Political correctness reveals basic level of kindness, respect


Letter to the Editor


liz

Dear Editor,

In her thoughtful summary of using “politically correct” vernacular on campus, Brittany Gibson presents a nuanced picture of the debate taking place at colleges across the United States in her article, "Rutgers students debate benefits, issues with political correctness," on Jan. 26. In the same spirit of carefully considering our language, it’s worth examining the phrase “political correctness” that appears in some form 11 times in the article.

Since its initial spike in popularity during the culture wars of the 1990s, political correctness has generally been used as a pejorative, implying that language and actions considered politically correct are excessive and often insincere. Thinking critically about disparaging terms like “PC police” should invite us to answer two basic questions: What actually is political correctness, and what does it ask of us?

In simple terms, political correctness is treating others with the same respect we would expect for ourselves. It asks us to question whether or not we go about our lives wondering if today our lifestyles, physical appearances, relationships and experiences will be ridiculed rather than validated. It asks us to consider that our words — our slurs, our rape jokes and our offhanded comments — can convey more than just what’s on the surface, can tell someone their existence is fundamentally unacceptable or that they’re unworthy of basic humanity.

The motivation behind using inclusive language and taking care not to offend shouldn’t be performance, it should be a desire to afford others the liberties you’ve been given that you never had to ask for — the freedom to live, to be, to exist in a way you so choose, without worry for safety or society’s approval. Philosopher Jan Narveson writes of political correctness, that “(The) phrase was born to live between scare-quotes: it suggests that ... considerations in the area so called are merely political, steamrolling the genuine reasons of principle for which we ought to be acting.”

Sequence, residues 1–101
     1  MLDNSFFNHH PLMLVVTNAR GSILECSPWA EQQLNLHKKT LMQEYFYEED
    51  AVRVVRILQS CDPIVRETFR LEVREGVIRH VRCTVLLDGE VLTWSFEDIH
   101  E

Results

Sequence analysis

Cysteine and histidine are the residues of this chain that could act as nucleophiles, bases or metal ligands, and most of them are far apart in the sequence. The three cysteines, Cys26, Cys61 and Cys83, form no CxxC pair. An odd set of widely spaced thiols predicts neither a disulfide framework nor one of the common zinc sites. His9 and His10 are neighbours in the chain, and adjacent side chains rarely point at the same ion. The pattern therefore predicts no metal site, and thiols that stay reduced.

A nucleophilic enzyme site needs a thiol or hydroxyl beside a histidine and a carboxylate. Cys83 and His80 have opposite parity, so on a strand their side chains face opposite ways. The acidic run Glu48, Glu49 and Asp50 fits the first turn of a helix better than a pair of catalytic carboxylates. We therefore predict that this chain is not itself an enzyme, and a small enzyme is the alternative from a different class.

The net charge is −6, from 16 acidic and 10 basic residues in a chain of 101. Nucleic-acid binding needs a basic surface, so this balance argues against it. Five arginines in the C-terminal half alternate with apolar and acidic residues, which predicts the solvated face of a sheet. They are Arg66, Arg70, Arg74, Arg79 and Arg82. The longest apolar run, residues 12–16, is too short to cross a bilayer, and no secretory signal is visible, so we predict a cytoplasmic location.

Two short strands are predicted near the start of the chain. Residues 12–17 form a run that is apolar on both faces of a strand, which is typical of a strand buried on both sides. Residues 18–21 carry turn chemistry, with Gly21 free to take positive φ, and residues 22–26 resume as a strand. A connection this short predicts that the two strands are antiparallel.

A quick look through the news using a Google Chrome extension that replaces “political correctness” with “treating people with respect” demonstrates the absurdity of using a phrase that obscures the noble intentions behind it. Moving forward, let’s be honest about what we mean by political correctness, and continue our campus discussion with the knowledge that what we’re really doing is debating the value of treating others with the most basic level of kindness and respect.

Liz Kantor is a School of Arts and Sciences senior majoring in political science and statistics.


Liz Kantor

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